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Shabbat Parashat R'ei | 5765

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Question: I mixed up my talit and tefillin (=t&t)withsomeone else’s in shul. After a few minutes, I realized my mistake and switched them back. When I put on my own t&t, should I have recited the berachot again or was it sufficient that I already made the berachot once?
Answer: The question is not of having to fulfill the mitzva of birkat hamitzva (beracha before performing a mitzva). Rather, every fulfillment of certain mitzvot (including t&t)mustbepreceded by a beracha thatrelatesto it. The question of whether the new act of putting on t&t requires a new beracha does not necessarily depend on whether or not you had just fulfilled these mitzvot and berachot.
 There are two factors which might bring one to claim you did not need new berachot; the first applies just for Ashkenazim. The Shulchan Aruch and Rama (Orach Chayim 8:14 and 25: 12) argue in equivalent cases, when one takes off t or t, intending to return them soon thereafter, whether he needs to make a new beracha at that point. The Shulchan Aruch requires a beracha; the Rama does not. In your case, by the time you took off the incorrect t&t, you planned to put on another set promptly, so ostensibly the Rama would not require a new beracha.
 Another issue arises from “bad news.” The mitzva of tzitzit applies only when one owns the four-cornered garment. But in this case, you did not realize that you needed to acquire the talit, which you thought was yours (see Yevamot 52b). Thus, the beracha was l’vatala (of no positive value). The matter of the tefillin is less clear. On one hand, we classically assume that one fulfills the mitzva evenwith tefillin borrowed without permission, as permission is assumed (Mishna Berura 25:53). However, in this case, when the owner was about use his tefillin, he did not want you to take them. Thus, your action was unintentional thievery (don’t take it personally), and one does not fulfill the mitzva of tefillin with a stolen pair (Shulchan Aruch 25:12) because it is a mitzva that comes through an aveira. (See a machloket on the question whether a mitzva performed by an unintentional aveira is disqualified in Sdei Chemed IV, pg, 334-6). According to the above, the beracha did not take effect on the first talit and perhaps the tefillin and it is “waiting” for an opportunity to take effect. In a parallel case of one who made a beracha on tefillin whose knot came apart before putting it on, the Taz (25:12) infers from the Beit Yosef that he can fix the knot and put it on without a new beracha,because the beracha is “waiting” for the opportunity to take effect. Here too, the beracha on the talit and perhaps the tefillin had not yet taken effect, so ostensibly the old berachot shouldsuffice for your own t&t.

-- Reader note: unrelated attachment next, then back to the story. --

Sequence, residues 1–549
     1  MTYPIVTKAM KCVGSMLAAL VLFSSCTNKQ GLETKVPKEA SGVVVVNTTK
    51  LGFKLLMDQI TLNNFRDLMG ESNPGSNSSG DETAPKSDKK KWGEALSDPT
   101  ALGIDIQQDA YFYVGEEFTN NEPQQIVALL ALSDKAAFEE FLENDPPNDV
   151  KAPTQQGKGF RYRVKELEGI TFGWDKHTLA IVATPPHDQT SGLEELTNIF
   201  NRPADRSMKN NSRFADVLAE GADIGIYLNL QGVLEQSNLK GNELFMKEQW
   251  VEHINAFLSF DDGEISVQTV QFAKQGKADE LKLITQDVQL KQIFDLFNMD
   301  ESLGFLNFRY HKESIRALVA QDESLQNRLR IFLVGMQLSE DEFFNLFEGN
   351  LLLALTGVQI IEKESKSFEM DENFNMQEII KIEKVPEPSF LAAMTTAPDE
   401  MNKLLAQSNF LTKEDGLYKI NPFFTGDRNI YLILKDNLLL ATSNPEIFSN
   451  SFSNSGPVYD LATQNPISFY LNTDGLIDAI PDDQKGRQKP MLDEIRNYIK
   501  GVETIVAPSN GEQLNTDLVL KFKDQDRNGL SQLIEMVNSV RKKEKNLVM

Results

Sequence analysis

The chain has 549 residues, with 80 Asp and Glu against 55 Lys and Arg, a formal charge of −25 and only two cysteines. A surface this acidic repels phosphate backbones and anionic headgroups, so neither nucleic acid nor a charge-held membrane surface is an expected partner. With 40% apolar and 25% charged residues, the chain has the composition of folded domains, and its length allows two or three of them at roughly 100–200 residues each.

However, neither of these factors applies to your case because of one basic distinction. In both of those areas, the person made the beracha on the same “mitzva object” with which he continues after a delay. In your case, your beracha was on a different set of t&t. The Shulchan Aruch (Orach Chayim 8:12) says that if one puts on several talitot,he can make one beracha to cover all, if he does not “break” between them. However, he says that even without a break, the beracha applies to another talit only if he had the intention, at the time of the first beracha, that it should do so. Otherwise, he makes a beracha each time. In your case, you had in mind with your beracha only on the t&t that were in your hands, not on your own set, which you did not realize were elsewhere. Regarding a case of a beracha on one object, which has to be transferred to another object instead (not in addition), we also find that a new beracha is needed, with the first beracha being l’vatala (Shulchan Aruch, OC 206:6; see Halacha Pesuka on Tzitzit 8:(143)). So, in the final analysis, you should have made new berachot..
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This edition of
Hemdat Yamim is dedicated to the memory of
 Gital Gila bat Eliyahu Michael
R’ Meir ben Yechezkel Shraga Brachfeld o.b.m.,
Yitzchak Eliezer Ben Avraham Mordechai Jacobson o.b.m,
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